The five second test is a simple usability test that helps you measure the effectiveness of your user interfaces. Distilled have been using this tool to discover what users notice most about our website.
The tool works by flashing up a screen shot of the particular web page for 5 seconds-(can you see where they got their name from)? After the page is viewed a form appears which has five spaces for the user to simply list the things they remember.
Some people used these spaces to list the things they remembered, others to give in-depth advice or constructive criticism and others to simply offer up random abuse … nice.
If you are a loyal subject of Distilled, you many have noticed that we have been implementing some minor changes to the Distilled ‘Home’ and ‘Contact’ page recently. These changes were spurred on as a result of the the interesting things people had said in our test.
Just a few months of using the tool gathered a considerable amount of data for both pages. We then set about analysing the findings to try and discover how these pages could be improved.
Below is what the Distilled home page looked like when it was being tested.
The home page design we tested
For this page we received lots of positive feedback and a few suggestions. These regarded the unusual right hand positioning of the logo and the continuation of our brand colours further down the page.
The feedback also highlighted a lot of repetition in people’s responses. This is a good sign because it means a lot of people were noticing the right things. I have collated my findings in a bar graph in order to make differences in figures more readily recognisable. At this point 31 people have taken the test.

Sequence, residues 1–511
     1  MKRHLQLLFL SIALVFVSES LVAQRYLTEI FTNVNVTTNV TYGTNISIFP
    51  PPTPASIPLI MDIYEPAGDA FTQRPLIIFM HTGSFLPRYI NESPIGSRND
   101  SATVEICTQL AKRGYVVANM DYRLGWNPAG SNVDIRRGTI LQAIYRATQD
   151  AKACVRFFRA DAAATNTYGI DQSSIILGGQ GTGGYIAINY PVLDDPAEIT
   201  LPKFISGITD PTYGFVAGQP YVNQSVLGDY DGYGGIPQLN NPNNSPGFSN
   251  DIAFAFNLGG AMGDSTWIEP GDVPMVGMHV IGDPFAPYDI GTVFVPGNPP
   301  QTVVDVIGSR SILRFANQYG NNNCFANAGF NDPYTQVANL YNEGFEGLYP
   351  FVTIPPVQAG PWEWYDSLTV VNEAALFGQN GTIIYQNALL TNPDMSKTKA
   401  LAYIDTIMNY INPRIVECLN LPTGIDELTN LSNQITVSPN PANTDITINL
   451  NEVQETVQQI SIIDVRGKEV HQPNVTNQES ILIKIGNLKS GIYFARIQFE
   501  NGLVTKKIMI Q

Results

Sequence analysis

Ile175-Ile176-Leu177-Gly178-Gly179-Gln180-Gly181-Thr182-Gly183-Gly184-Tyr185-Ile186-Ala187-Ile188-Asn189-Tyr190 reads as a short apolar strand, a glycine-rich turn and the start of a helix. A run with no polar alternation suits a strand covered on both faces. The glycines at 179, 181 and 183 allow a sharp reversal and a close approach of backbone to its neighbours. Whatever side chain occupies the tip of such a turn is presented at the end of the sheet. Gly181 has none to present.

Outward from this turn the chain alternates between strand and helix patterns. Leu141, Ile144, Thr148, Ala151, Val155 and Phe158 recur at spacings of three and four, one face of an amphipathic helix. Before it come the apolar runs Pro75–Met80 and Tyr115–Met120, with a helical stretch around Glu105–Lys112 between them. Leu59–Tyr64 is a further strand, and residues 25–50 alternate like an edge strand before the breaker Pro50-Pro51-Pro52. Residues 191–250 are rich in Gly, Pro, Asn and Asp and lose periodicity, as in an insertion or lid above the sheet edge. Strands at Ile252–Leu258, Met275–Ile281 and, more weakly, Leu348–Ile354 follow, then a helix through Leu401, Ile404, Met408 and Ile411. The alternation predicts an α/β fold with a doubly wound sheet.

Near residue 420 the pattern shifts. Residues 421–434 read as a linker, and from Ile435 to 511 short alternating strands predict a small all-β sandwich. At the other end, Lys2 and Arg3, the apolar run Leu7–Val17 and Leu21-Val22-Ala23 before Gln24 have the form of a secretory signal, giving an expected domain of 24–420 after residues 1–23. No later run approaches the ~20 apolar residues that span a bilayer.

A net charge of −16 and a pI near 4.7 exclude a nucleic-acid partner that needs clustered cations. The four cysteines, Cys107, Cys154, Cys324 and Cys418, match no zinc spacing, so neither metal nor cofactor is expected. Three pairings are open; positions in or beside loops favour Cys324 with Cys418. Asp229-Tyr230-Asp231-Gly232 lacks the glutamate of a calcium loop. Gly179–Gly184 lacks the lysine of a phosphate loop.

A Bar Graph of our findings
Bar graph Analysis – The graph shows clearly that people are drawn to the call-to-action buttons. This is great; they are achieving their purpose. SEO has been noted more than the other services we offer. One theory I have about this is that usability testing tools fit closely with optimising websites, so it’s natural that more people who are aware of SEO will be taking the test. SEO is certainly not designed to stand out any more than the other service call-to-actions.
The unusual right-hand positioning of the logo caused some comment. The right hand alignment of most of the elements within the logo led to this positioning initially. As the amount of services Distilled offers increased the menu was forced to split awkwardly in two halves; the new design has solved both the logo and menu problem, whilst allowing space for any more services should Distilled expand its talents further.
The new design also continues the Distilled colours further down the page, therefore continuing the brand and highlighting more clearly what we do as a company at the top of the website.
The amended design:
The Contact Page:
The contact page design we tested
The contact page received an extensive amount of feedback in one particular area: the RSS feed. This made it explicitly clear what needed to change. Below are the feedback messages from a few people regarding the RSS feed:
- too large RSS feed
- GIANT rss button
- RSS button again
- RSS RSS RSS OKAY!?
- giant rss feed icon
- Gigantic RSS icon
- Huge Contact Us Button
- Not enough content to make me want to click on either huge thing.
So it was clear people found both the RSS feed and the ‘contact us’ button overly large.
The amended design:
Both call to action buttons have been made smaller and more content has been included next to the RSS feed. Hopefully, this content will help to make people trust the icon and want to click on it more.
One of the downsides of the ‘Five Second Test’ is the minimal amount of information that is received. It is certainly not the best tool if you are after detailed explanations of peoples’ thoughts. If, however, you are looking for just sheer numbers to analyse then this tool is great; it soon becomes clear after just a few feedback responses what people are noticing most frequently and consequently what they are most likely to click on.
If one of the main elements of your website is not noticed you will need to reconsider this element until it starts to show up in the feedback. Key points to look for in your feedback are:
Do people know what your company is called? Do they notice your logo? Is it clear what you do? Are your Call-to-actions noticed?
The five second test is definitely a tool worth trying out.
Distilled will continue to use this tool in an effort to ensure our website stays user friendly and easily accessible.
Leonie Wharton Senior Designer